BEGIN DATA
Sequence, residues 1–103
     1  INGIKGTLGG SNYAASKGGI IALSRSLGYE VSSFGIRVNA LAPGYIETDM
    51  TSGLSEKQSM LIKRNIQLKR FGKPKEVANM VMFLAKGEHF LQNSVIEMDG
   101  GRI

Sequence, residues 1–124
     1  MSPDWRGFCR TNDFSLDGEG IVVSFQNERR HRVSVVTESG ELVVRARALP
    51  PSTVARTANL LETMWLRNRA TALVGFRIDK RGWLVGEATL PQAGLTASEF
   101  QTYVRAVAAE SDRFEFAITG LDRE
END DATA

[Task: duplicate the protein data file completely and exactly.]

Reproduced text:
Sequence, residues 1–103
     1  INGIKGTLGG SNYAASKGGI IALSRSLGYE VSSFGIRVNA LAPGYIETDM
    51  TSGLSEKQSM LIKRNIQLKR FGKPKEVANM VMFLAKGEHF LQNSVIEMDG
   101  GRI

Sequence, residues 1–124
     1  MSPDWRGFCR TNDFSLDGEG IVVSFQNERR HRVSVVTESG ELVVRARALP
    51  PSTVARTANL LETMWLRNRA TALVGFRIDK RGWLVGEATL PQAGLTASEF
   101  QTYVRAVAAE SDRFEFAITG LDRE